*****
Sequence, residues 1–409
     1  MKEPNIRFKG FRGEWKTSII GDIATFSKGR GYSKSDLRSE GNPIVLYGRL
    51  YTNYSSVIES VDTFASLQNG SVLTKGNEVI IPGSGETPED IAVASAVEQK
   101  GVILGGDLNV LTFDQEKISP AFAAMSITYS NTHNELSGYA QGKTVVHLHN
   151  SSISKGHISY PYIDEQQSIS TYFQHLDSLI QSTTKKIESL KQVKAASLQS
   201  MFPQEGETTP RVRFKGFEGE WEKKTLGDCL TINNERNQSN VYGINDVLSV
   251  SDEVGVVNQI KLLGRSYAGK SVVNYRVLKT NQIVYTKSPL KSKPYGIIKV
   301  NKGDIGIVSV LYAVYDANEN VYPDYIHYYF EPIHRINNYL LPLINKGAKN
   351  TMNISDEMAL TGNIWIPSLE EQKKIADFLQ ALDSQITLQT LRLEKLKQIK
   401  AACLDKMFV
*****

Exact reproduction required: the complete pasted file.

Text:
Sequence, residues 1–409
     1  MKEPNIRFKG FRGEWKTSII GDIATFSKGR GYSKSDLRSE GNPIVLYGRL
    51  YTNYSSVIES VDTFASLQNG SVLTKGNEVI IPGSGETPED IAVASAVEQK
   101  GVILGGDLNV LTFDQEKISP AFAAMSITYS NTHNELSGYA QGKTVVHLHN
   151  SSISKGHISY PYIDEQQSIS TYFQHLDSLI QSTTKKIESL KQVKAASLQS
   201  MFPQEGETTP RVRFKGFEGE WEKKTLGDCL TINNERNQSN VYGINDVLSV
   251  SDEVGVVNQI KLLGRSYAGK SVVNYRVLKT NQIVYTKSPL KSKPYGIIKV
   301  NKGDIGIVSV LYAVYDANEN VYPDYIHYYF EPIHRINNYL LPLINKGAKN
   351  TMNISDEMAL TGNIWIPSLE EQKKIADFLQ ALDSQITLQT LRLEKLKQIK
   401  AACLDKMFV